Are you thinking about making any New Year’s resolutions? You know what folk wisdom says about that: “New Year’s resolutions go in one year and out the other.” We all know that most of the leaves we turn over in January have already started to fall by the end of the month. Therefore, let’s turn to the Word of God for instruction. Let’s see what Scripture declares about the concept of New Year. Does God’s written revelation provide any basis for Christians to celebrate the arrival of a New Year? According to Leviticus 23:23–25 and Numbers 29:1–6, the Lord commanded Israel to observe the Feast of Trumpets—also known as the New Year.… Continue reading
God said to Israel, “I will also walk among you and be your God, and you shall be My people” (Leviticus 26:12 NASU). The middle two phrases present an expression of the covenant relationship between the Lord and His people. In an earlier blog we covered the first major concept (“I will . . . be your God”) and discovered whom we should serve. Now we turn to the second major concept (“you shall be My people”) and how we should live for Him.
Jesus taught His disciples, “Let your light shine before men in such a way that they may see your good works, and glorify your Father who is in heaven” (Matthew 5:16).… Continue reading
Too often we open the Old Testament to read and immediately default to the “this-is-for-Israel” mindset. While it is very true that God superintended the writing of the Old Testament books as revelation He gave to Israel through the prophets, we must remember that
All Scripture is inspired [breathed out] by God and profitable for teaching [doctrine], for reproof, for correction, for training in righteousness so that the man of God may be adequate, equipped for every good work. (2 Tim 3:16–17 NASU with my explanatory notes in square brackets)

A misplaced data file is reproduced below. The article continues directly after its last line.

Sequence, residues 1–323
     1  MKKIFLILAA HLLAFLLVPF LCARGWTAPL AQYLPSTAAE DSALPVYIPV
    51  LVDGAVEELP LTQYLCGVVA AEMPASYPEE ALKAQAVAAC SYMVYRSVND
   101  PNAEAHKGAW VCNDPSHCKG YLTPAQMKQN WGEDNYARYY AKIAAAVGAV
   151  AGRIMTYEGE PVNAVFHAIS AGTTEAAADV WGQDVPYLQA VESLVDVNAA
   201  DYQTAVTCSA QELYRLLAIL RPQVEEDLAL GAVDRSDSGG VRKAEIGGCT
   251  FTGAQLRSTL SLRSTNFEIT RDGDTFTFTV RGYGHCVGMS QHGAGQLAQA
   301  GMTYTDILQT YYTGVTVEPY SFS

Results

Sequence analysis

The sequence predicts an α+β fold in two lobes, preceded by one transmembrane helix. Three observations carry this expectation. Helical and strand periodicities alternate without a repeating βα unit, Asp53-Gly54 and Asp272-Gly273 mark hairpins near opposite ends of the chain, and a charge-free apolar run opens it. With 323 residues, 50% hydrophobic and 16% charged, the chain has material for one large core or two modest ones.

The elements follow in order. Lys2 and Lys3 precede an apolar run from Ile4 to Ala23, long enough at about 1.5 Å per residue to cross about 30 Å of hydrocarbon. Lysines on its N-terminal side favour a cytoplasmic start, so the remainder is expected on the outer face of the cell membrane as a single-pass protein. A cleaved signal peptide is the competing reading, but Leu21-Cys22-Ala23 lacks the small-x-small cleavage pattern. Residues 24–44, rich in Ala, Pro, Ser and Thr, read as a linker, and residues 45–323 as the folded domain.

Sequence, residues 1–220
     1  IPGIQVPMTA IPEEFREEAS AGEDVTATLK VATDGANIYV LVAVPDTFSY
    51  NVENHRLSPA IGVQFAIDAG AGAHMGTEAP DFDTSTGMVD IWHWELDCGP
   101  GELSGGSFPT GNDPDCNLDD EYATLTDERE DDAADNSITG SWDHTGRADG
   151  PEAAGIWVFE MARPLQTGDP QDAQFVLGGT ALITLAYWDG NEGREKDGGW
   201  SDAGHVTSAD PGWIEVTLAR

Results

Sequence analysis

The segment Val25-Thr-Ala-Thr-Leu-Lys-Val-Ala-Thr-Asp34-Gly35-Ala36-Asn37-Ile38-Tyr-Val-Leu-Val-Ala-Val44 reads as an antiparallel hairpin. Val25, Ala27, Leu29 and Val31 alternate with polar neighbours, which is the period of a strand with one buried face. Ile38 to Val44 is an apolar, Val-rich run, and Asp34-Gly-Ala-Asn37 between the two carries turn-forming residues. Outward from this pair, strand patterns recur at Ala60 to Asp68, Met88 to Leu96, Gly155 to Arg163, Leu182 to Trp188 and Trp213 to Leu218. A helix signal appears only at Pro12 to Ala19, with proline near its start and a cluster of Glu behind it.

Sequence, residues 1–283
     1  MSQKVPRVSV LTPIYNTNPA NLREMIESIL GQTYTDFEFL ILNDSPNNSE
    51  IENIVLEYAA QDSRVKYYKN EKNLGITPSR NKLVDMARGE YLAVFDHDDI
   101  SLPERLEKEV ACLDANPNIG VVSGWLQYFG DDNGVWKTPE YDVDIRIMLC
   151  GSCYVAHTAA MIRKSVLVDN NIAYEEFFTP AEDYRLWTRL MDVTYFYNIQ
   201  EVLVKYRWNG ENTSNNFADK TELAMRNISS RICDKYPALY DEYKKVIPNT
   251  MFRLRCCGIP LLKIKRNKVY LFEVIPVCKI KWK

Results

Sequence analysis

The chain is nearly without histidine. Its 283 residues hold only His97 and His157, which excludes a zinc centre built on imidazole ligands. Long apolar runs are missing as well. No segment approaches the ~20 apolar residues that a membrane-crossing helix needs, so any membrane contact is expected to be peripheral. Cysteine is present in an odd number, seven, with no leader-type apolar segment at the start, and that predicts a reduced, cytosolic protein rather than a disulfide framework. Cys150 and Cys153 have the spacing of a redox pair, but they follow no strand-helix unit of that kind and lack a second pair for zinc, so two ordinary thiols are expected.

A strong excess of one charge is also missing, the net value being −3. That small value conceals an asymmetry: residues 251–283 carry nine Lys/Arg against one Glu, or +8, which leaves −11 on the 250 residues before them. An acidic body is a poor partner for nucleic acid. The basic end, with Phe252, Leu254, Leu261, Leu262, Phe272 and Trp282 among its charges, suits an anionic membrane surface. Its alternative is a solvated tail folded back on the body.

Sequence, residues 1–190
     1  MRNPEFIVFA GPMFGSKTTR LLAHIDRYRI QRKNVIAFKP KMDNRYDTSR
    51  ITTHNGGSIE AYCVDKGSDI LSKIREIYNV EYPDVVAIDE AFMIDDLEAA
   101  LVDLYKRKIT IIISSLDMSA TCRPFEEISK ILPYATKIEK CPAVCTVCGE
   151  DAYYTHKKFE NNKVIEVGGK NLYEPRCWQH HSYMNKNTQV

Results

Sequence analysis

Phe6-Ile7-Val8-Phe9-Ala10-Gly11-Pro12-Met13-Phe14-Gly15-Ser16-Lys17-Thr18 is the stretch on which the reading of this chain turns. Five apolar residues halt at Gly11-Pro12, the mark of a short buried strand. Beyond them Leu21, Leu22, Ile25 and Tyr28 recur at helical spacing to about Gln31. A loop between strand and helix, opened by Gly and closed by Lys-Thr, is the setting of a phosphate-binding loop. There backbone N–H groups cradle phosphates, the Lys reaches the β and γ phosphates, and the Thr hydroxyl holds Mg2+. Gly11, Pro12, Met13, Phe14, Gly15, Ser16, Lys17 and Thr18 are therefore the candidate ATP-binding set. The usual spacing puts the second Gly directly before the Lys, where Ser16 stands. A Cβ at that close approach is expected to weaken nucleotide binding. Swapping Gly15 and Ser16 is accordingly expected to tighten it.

In other words, as Christians (not Israel) we also must have a mindset to learn doctrine through, to be reproved by, to be corrected by, and to be trained in righteousness by the Old Testament, so that we might be equipped for “every good work.”
The little book of Lamentations, with the possible exception of 3:21–27, resides outside the Christian’s established routine for personal sanctification.… Continue reading
In the book of Jonah, everything is upside-down. Hard-nosed sailors are soft and pliable. Wicked people are repentant. A violent and brutal king leads his city of 500,000 people in humble worship of God. And God’s prophet is a hateful, spiteful, self-absorbed, pitiless, griping, sulking, do-the-least-I-have-to-do-to-get-God-off-my-back man. But this is to be expected because the genre picked for this book is satire (the use of humor, irony,
exaggeration, and ridicule to expose & criticize people’s stupidity or vices). For a modern day use of satire that is constructive (and hilarious!), check out Babylon Bee.
Today I want to point out one of these upside-down actions: the humble repentance of the Ninevites.… Continue reading
In high school, I remember many occasions in which I was given the assignment to read a book, a piece of poetry, or a short story and then summarize its contents. The teacher then would helpfully remind the class that a good place to start would be, “The main message of _________ is …” I still remember having to read “To Kill A Mockingbird.” Admittedly, I didn’t like the book at the time, even though I was told it was it was a “classic” and I would like it when I was an adult (for the record, I have not read it since I was 15, so I cannot say if this latter statement is true).… Continue reading